Bottom Line: The PK model was used to derive propofol effect-site drug concentrations (C(eff)) based on the actual drug infusion regimen.The correlation coefficient of PE was 0.80 ± 0.13 (mean ± standard deviation) between rEEG and sEEG for all subjects.The PK-NMM model could simulate EEG activity and might be a useful tool for understanding the action of propofol on brain activity.

View Article: PubMed Central - PubMed

Affiliation: Institute of Electrical Engineering, Yanshan University, Qinhuangdao, China.

ABSTRACT
Modeling the effects of anesthetic drugs on brain activity is very helpful in understanding anesthesia mechanisms. The aim of this study was to set up a combined model to relate actual drug levels to EEG dynamics and behavioral states during propofol-induced anesthesia. We proposed a new combined theoretical model based on a pharmacokinetics (PK) model and a neural mass model (NMM), which we termed PK-NMM--with the aim of simulating electroencephalogram (EEG) activity during propofol-induced general anesthesia. The PK model was used to derive propofol effect-site drug concentrations (C(eff)) based on the actual drug infusion regimen. The NMM model took C(eff) as the control parameter to produce simulated EEG-like (sEEG) data. For comparison, we used real prefrontal EEG (rEEG) data of nine volunteers undergoing propofol anesthesia from a previous experiment. To see how well the sEEG could describe the dynamic changes of neural activity during anesthesia, the rEEG data and the sEEG data were compared with respect to: power-frequency plots; nonlinear exponent (permutation entropy (PE)); and bispectral SynchFastSlow (SFS) parameters. We found that the PK-NMM model was able to reproduce anesthesia EEG-like signals based on the estimated drug concentration and patients' condition. The frequency spectrum indicated that the frequency power peak of the sEEG moved towards the low frequency band as anesthesia deepened. Different anesthetic states could be differentiated by the PE index. The correlation coefficient of PE was 0.80 ± 0.13 (mean ± standard deviation) between rEEG and sEEG for all subjects. Additionally, SFS could track the depth of anesthesia and the SFS of rEEG and sEEG were highly correlated with a correlation coefficient of 0.77 ± 0.13. The PK-NMM model could simulate EEG activity and might be a useful tool for understanding the action of propofol on brain activity.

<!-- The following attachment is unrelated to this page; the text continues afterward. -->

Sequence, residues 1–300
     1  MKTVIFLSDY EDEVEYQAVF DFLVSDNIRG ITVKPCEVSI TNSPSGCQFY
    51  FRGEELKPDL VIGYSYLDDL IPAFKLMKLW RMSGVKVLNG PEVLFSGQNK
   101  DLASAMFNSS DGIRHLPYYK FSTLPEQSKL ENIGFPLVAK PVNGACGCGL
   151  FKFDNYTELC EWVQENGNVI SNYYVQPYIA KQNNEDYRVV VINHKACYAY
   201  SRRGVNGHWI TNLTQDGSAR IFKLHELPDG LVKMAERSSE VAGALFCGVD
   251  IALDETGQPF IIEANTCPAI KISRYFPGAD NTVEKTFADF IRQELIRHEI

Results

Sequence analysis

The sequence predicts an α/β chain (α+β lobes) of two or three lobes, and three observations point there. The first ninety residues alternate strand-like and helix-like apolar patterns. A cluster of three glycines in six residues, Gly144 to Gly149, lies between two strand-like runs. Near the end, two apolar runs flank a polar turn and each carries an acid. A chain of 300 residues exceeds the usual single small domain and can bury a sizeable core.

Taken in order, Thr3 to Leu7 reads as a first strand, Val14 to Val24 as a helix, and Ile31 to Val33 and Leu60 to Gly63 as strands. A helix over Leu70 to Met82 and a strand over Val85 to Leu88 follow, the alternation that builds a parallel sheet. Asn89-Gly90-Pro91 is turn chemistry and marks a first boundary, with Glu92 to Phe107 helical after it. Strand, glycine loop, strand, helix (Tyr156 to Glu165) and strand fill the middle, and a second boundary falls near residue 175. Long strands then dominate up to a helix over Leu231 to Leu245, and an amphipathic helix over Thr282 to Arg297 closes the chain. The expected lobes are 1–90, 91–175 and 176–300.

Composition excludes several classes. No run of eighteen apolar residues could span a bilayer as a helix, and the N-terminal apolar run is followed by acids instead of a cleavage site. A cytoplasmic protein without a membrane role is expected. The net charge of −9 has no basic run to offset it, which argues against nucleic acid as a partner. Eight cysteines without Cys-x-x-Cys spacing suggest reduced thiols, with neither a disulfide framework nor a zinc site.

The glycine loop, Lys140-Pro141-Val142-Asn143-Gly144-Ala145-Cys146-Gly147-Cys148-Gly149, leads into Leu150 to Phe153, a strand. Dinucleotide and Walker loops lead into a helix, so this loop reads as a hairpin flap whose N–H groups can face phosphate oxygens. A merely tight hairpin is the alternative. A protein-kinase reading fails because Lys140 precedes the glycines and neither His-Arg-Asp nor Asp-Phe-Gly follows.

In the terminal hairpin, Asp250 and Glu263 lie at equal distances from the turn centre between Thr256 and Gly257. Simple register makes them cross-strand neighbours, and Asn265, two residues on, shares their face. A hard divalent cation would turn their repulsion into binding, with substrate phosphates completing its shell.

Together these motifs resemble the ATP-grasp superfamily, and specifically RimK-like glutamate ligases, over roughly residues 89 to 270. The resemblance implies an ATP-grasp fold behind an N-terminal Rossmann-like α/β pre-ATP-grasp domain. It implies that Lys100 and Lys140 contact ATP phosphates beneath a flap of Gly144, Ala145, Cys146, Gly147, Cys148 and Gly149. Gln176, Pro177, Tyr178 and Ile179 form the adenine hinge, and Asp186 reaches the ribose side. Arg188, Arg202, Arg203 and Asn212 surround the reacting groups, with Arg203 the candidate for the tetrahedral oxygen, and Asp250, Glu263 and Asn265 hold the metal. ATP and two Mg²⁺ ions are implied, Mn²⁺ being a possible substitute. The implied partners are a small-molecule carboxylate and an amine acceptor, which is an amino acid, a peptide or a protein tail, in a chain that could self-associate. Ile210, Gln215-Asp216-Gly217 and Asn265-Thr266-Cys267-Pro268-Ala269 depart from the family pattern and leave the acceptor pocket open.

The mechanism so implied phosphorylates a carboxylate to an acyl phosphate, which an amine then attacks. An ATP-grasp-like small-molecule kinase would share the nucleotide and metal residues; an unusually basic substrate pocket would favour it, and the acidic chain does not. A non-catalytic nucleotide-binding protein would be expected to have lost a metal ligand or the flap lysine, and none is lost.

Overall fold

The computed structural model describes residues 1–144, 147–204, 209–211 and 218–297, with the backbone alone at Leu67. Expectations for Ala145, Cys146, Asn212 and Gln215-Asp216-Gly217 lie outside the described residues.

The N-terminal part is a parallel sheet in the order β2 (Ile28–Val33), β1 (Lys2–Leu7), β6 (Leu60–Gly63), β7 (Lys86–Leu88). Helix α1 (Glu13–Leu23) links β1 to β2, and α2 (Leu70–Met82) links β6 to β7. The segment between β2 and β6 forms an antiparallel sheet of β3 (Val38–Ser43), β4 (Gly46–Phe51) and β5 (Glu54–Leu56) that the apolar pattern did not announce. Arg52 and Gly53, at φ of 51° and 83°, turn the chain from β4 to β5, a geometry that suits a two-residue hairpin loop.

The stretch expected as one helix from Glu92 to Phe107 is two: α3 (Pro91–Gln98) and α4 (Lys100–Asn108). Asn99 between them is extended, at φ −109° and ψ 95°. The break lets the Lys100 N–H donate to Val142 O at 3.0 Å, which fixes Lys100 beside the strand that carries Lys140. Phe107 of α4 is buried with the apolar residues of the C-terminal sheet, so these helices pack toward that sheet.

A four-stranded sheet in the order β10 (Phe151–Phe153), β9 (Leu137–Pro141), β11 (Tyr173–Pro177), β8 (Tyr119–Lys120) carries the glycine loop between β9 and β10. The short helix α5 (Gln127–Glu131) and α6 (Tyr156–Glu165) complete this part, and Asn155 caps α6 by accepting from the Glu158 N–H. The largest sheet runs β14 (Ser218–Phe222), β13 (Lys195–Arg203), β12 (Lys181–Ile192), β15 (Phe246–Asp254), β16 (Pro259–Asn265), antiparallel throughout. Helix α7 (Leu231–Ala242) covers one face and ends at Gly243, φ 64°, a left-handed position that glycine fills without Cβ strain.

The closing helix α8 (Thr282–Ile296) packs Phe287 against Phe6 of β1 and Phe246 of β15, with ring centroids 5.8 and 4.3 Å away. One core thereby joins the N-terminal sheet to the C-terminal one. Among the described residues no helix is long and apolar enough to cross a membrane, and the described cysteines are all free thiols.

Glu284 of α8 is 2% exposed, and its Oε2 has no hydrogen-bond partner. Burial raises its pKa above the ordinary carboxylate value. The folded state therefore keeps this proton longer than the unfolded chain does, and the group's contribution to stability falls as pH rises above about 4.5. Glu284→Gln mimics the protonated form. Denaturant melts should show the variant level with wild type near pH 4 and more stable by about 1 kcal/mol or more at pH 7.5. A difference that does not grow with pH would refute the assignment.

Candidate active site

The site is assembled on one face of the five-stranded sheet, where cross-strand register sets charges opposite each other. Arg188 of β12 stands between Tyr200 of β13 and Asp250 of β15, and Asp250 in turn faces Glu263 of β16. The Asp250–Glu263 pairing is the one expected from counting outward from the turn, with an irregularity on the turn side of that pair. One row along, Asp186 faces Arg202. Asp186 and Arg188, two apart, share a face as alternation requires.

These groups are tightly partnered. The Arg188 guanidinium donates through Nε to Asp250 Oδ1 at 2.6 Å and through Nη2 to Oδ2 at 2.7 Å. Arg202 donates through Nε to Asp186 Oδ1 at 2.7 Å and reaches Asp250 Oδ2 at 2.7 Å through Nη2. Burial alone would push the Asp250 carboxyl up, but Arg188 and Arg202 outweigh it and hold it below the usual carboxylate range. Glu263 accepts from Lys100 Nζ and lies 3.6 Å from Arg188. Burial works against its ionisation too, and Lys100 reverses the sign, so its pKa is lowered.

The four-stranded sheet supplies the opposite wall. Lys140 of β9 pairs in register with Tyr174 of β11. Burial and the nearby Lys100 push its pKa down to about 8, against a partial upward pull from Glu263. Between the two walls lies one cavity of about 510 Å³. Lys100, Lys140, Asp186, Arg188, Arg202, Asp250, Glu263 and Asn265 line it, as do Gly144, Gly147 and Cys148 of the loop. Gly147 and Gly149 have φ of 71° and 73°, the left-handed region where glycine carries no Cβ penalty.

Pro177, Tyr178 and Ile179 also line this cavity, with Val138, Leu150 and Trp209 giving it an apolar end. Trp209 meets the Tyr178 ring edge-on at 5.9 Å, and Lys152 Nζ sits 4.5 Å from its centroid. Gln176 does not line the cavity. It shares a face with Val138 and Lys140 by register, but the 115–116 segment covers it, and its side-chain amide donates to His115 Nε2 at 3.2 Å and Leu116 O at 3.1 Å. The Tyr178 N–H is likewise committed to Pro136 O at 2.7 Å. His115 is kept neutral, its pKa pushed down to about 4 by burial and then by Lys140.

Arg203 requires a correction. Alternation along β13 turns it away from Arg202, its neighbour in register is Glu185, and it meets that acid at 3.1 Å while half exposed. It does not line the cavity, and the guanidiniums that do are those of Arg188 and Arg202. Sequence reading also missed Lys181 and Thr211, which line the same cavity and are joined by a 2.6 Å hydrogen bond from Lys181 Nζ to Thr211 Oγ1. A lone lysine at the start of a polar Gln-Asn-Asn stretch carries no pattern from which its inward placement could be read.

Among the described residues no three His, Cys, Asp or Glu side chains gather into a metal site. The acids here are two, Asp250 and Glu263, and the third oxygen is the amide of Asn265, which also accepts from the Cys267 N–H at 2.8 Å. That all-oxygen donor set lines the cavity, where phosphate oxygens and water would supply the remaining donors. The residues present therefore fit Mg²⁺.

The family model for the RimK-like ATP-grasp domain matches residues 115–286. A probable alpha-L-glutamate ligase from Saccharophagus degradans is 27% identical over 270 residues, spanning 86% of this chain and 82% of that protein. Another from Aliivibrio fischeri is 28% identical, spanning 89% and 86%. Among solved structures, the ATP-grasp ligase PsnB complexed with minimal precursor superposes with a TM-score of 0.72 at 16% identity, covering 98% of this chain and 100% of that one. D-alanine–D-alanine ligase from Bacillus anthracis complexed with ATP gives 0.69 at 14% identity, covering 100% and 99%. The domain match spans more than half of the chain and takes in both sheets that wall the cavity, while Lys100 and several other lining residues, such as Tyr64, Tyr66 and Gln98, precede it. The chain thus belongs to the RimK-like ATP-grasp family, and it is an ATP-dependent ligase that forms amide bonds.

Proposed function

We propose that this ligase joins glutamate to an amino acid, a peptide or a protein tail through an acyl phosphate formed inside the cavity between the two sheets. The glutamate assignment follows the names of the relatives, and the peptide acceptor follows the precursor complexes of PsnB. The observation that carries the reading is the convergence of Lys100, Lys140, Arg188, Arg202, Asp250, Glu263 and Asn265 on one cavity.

Show MeSH
Related in: MedlinePlus